Dear mtysz, My only concern for you with the Loloestrin is your blood pressure; LoLoestrin is about twice as strong as activella-it is a reasonable choice, but you'll need to watch your blood pressure closely. one other option to try would be to just try an estrogen patch for a month-no progestin, just estrogen: to see if you get relief. I would use a full strength patch (0.1)-Transdermal estrogens are unlikely to affect your blood pressure, and the other thing about using an estradiol patch is that you can effectively measure levels: so that at the end of the month, if you're still uncomfortable, I would measure your estradiol level to see where you are. The only problem with the combipatch is that I thiink the level of estrogen will not be enough for you; combipatch is ball park equivalent to the activella level of estrogen. Good luck, and let us all know what happens, Mary JaneView Thread
Dear An_246914, Basically, Zquill is diphenhydramine, which is the generic name for Benadryl; sounds like 25 mg of benadryl is doing the trick for you. Benadryl is a very reasonable medication; it should not be addictive. The only major problem with an antihistamine in a menopausal woman is that antihistamines can make you dryer-which is of course a problem for many menopausal women-but otherwise sounds fine. Good luck, Mary JaneView Thread
Dear An_261027, An excellent source of information on menopause is available at menopause.org, the website if the North American Menopause Society. Also on that website is a list of menopause specialists throughout the US and Canada, who can help with menopause problems. I usually tell my patients that the range of normal for menopause is 35-60, with the average age being 51. Family history is a reasonable predictor; if all your female relatives have gone through menopause early, there is a significant chance that you will, too. And again, if symptoms are occurring, do check in with your health care provider, as lots of remedies are available, Good luck, Mary JaneView Thread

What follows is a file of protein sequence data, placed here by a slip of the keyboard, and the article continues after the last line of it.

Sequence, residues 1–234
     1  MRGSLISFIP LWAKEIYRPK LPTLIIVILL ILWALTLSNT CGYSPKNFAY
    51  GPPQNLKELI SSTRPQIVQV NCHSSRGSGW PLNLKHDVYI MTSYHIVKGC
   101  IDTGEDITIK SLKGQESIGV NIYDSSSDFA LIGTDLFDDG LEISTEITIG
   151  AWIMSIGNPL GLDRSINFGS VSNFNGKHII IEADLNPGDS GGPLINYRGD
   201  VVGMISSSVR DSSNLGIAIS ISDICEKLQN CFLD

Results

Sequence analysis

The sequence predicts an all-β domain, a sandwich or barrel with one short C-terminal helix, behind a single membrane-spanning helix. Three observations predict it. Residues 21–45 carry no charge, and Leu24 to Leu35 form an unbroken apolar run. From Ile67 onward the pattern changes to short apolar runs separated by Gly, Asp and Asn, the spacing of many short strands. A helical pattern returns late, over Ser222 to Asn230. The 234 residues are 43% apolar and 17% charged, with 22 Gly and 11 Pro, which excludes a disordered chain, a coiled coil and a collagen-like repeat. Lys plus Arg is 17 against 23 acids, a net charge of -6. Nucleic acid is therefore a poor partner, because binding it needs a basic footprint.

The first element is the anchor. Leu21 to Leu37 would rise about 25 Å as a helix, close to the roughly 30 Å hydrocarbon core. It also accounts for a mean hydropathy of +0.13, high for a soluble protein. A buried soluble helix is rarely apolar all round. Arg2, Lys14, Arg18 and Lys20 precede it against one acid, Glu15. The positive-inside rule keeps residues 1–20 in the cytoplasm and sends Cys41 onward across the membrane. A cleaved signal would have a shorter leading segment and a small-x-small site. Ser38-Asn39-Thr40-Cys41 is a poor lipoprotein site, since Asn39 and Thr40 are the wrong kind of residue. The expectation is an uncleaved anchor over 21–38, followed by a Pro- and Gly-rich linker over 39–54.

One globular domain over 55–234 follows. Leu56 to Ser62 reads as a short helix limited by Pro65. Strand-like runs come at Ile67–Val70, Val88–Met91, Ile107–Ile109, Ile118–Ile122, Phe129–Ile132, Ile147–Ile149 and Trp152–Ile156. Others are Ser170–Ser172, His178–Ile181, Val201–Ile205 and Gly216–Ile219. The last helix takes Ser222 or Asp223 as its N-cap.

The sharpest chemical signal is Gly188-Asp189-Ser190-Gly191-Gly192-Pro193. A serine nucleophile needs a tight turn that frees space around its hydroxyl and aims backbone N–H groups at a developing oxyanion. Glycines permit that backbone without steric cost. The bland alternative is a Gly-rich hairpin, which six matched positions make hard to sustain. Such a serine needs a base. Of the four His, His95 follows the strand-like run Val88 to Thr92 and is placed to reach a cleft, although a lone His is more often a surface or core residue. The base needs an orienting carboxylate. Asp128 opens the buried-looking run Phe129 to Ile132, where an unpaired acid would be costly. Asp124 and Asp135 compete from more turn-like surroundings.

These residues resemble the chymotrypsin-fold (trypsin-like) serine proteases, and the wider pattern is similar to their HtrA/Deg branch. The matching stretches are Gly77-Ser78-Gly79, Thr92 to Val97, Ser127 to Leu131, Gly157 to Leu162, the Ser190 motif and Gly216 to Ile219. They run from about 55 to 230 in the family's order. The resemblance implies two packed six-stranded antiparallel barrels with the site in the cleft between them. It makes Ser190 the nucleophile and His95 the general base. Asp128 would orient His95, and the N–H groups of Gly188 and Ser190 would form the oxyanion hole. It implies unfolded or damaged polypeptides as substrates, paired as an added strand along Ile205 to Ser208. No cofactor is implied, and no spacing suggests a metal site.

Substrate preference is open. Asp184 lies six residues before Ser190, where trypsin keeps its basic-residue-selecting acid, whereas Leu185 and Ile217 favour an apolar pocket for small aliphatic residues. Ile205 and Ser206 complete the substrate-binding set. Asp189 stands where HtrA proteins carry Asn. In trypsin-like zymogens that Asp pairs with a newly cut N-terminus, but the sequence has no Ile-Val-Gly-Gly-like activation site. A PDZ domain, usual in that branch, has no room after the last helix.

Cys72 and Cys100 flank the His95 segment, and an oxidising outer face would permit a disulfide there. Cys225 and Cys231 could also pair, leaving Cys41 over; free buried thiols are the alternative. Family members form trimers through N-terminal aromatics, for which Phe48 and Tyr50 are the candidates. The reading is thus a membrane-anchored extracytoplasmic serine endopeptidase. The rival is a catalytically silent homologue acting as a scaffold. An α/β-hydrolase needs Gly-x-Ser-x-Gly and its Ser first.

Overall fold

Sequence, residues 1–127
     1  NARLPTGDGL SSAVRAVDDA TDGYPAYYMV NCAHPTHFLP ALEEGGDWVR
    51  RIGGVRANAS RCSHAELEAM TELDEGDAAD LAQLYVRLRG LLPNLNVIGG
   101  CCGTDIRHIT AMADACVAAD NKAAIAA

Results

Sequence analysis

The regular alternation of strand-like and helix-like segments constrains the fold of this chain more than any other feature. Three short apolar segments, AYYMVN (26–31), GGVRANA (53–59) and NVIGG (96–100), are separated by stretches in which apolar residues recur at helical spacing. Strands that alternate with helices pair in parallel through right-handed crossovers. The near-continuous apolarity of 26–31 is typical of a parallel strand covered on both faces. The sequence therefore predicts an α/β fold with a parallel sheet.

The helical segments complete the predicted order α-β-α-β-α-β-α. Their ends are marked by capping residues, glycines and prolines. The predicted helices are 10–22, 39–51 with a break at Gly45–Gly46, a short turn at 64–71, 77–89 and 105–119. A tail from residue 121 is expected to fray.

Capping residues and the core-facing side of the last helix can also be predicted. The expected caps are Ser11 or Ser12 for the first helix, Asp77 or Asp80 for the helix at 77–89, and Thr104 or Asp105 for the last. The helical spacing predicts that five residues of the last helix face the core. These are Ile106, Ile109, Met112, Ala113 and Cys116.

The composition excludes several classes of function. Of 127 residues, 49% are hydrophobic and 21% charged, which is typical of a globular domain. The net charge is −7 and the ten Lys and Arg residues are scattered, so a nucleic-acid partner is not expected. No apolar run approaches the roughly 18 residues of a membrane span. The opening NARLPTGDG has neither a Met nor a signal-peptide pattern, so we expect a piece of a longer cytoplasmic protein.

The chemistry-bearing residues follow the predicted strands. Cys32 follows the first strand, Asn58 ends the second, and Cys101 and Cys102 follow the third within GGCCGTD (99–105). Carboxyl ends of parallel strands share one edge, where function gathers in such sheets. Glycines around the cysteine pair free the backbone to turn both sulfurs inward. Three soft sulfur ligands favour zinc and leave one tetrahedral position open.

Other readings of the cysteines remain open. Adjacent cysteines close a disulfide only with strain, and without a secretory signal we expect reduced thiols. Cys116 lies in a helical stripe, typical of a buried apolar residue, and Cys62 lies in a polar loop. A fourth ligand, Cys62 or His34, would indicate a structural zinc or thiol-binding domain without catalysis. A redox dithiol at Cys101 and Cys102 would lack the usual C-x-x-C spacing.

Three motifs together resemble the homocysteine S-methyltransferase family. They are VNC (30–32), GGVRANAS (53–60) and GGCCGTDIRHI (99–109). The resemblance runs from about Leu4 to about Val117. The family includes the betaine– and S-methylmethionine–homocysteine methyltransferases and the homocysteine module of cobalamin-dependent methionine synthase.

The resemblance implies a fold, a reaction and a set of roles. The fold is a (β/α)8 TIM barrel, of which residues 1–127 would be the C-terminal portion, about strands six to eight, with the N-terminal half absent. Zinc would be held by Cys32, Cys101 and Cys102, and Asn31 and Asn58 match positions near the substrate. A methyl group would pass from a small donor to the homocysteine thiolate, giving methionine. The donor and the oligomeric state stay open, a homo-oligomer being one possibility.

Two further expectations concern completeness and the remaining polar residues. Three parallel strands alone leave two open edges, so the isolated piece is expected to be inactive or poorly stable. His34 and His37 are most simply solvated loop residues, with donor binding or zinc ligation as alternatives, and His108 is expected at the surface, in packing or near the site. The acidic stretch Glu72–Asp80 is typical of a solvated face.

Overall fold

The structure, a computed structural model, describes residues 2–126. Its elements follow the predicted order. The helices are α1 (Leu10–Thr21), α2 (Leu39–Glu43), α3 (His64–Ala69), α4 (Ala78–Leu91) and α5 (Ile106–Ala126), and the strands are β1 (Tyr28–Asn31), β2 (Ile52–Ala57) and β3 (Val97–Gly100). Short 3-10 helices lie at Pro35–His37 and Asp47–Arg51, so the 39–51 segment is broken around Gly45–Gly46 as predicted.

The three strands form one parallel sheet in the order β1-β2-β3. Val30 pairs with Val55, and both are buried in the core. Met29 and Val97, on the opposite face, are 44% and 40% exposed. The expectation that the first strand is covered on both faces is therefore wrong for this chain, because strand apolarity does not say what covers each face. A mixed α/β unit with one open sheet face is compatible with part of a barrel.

Dear An_261118, You didn't mention what's been going on with your periods. Significant fluctuations in levels of hormones can go on for at least a year after your last menstrual period; that time frame is referred to as the perimenopause. And it is quite common, with these hormone variations to experience skin changes. Also: the ovaries are still making testosterone, and the decline in testosterone production by the ovaries is slower than the decline in estrogen; so many women have some signs of testosterone excess (like skin changes) in the perimenopause-there is relatively more testosterone around than estrogen (many women are surprised to hear that their ovaries make testosterone-we certainly do!) Good luck, Mary JaneView Thread
Dear An_261107, A couple of thoughts. First of all, I think some of your significant symptomatology is that you are young; you started doing all of this on the young side, when symptoms tend to be worse. So I wouldn't be too worried about the duration of your hormone therapy at this point; don't forget, the WHI didn't include one woman under 50; average age of menopause is 51-so many folks don't really count the years prior to 50 in the duration of hormone therapy. Next question: have any of the the hormonal regimes you've been on used natural micronized progesterone? (Prometrium?) the reason I ask is that some women find it sedating-and if it makes you sleep, that's great. So you could use the estrogen of your choosing, and do the progesterone component as a nightly dose of Prometrium-which could help. Another non hormonal, but prescription medication is gabapentin-it can be fairly sedating-but in your situation, that might be good. So if you haven't tried those options, do discuss them with your health care provider-hope they might prove helpful for you. Good luck, Mary JaneView Thread